Ironically, Scicluna is overlooking, or perhaps consciously ignoring, a rather obvious human condition to which he ought to be paying more heed: our nature has been seriously wounded by the consequences of original sin. Because of this sin, Adam and Eve lost the perfect integration of soul and body that they had enjoyed in their original state of grace, and they transmitted their compromised condition to us.

In weakened human nature, therefore, the spontaneous demands of our somatic and psychical energies tend to assert themselves over our higher, spiritual faculties of intellect and will, by which we are supposed to integrate the natural sensations, feelings, emotions, instincts, and drives that we experience into personal actions that accord with the objective truth and goodness of our own nature (and of the natural order as a whole). In other words, God created us as free, moral beings—as persons—to fulfill the vocation to love God, self, and neighbor in spirit and in truth, but the partial disintegration of our natural unity makes it difficult for us to govern ourselves accordingly—or even to want to do so in the first place.

It is due to this compromised condition of our nature—which baptism does not take away, but over which we can be victorious by the grace of Christ—that heterosexuality, though not in itself predisposing us to sin (since it accords with human nature as God created it), can nevertheless dispose us to sin. Urged on by concupiscence (the inclination toward sin resulting from original sin’s disintegrating our natural soul-body unity), we might gratify our natural attraction to the opposite sex in a way that contravenes what we rationally know—or are obliged to know—to be the true moral good. By acquiescing thus to the demands of the sexual desires generated spontaneously by our bodily and psychical energies, our actions do not reflect, uphold, and foster our intrinsic human dignity, or that of the person whom we have consequently, and selfishly, come to regard solely as the object of our desire.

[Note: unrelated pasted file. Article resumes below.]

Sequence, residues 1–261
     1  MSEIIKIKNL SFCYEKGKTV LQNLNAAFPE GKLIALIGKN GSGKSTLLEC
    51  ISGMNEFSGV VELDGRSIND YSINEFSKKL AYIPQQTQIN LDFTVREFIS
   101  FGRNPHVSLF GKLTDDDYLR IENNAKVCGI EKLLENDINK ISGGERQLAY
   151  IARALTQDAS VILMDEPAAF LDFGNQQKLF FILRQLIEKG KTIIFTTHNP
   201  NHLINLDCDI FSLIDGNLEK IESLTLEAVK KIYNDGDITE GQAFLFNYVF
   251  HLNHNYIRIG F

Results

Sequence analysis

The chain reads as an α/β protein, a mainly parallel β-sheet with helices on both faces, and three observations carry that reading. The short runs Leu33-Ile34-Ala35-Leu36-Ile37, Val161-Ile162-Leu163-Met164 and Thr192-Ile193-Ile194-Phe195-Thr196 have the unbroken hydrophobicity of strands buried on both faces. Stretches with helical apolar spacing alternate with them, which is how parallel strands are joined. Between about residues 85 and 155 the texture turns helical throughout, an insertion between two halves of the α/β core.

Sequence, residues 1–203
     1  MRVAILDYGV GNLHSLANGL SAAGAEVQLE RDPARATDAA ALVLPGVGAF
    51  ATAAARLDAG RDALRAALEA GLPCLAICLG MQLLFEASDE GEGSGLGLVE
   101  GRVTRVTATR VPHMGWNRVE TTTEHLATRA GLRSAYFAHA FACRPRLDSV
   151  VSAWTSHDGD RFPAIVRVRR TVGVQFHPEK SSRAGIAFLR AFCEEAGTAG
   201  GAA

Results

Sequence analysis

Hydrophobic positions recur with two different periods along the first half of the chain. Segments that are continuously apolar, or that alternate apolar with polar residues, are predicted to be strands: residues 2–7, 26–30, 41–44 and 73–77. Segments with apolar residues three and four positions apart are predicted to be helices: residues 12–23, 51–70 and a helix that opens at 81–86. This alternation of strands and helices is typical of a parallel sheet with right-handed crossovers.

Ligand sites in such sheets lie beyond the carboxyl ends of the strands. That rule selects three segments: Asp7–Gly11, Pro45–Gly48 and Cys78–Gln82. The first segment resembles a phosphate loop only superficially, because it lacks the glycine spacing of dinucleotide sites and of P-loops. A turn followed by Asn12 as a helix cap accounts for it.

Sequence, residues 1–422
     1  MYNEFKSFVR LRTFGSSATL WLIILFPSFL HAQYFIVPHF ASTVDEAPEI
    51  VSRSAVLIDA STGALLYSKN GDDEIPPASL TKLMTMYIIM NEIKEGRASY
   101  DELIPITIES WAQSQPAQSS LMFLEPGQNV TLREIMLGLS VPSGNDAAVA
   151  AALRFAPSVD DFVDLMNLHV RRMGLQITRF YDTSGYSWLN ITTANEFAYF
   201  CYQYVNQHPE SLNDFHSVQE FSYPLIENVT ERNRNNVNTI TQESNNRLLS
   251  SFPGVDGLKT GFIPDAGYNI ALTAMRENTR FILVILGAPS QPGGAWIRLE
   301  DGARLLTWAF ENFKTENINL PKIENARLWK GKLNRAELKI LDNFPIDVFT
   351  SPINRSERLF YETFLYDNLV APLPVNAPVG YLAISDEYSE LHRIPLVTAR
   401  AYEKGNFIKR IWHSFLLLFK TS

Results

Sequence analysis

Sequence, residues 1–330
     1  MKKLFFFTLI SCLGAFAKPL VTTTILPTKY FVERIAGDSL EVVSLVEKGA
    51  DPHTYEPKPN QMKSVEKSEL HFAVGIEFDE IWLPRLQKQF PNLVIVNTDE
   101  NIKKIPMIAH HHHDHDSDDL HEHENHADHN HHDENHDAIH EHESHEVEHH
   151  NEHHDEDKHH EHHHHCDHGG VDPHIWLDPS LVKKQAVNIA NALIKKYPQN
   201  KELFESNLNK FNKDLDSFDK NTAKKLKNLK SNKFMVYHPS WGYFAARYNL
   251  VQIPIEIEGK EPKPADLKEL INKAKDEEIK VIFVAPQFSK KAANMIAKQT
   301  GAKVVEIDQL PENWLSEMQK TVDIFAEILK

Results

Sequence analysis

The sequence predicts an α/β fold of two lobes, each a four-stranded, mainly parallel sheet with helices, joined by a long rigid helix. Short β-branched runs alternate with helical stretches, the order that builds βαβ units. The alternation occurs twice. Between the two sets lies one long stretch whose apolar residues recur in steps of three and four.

Unlike heterosexuality, which has an objective basis in our natural existence as a male or a female person, homosexuality, or same-sex attraction, is indeed a human condition, as Scicluna stated. But it is a fallen and unnatural one, which he implicitly denied by juxtaposing it with, and thus degrading, heterosexuality. The homosexual condition is ultimately the result of the soul-body disintegration consequent on original sin and of its exploitation (whether intentionally or unintentionally) by personal agents, both human and demonic.

Even so, the male or the female ontological structure abides as the ground and the marker of complementary, sexual normality, regardless of any unnatural condition that might manifest itself from within (such as same-sex attraction or gender dysphoria), or be imposed on it from without (by sodomy, “sex change” surgery, or even contraceptive devices, for example). For that reason, “homosexual” persons remain naturally heterosexual. They are sexually complementary only with persons of the opposite sex, and naturally ordered toward experiencing and expressing themselves as such, even though this ordering might never be actualized in them because of powerful forces impinging on them from within and without.

Whereas the heterosexual inclination allows a man to integrate his given maleness in a way that naturally complements the opposite sex, the homosexual inclination toward a person of the same sex is disordered, precisely because it has no objective basis in the ontological constitution of the male or the female person. The sodomitic activity toward which a man tends because of his confused sexual inclination can never, therefore, contribute to his personal perfection in either the natural or the supernatural sense. Given its radical unnaturalness, this activity can only detract from and prevent his perfection in the order both of nature and of grace.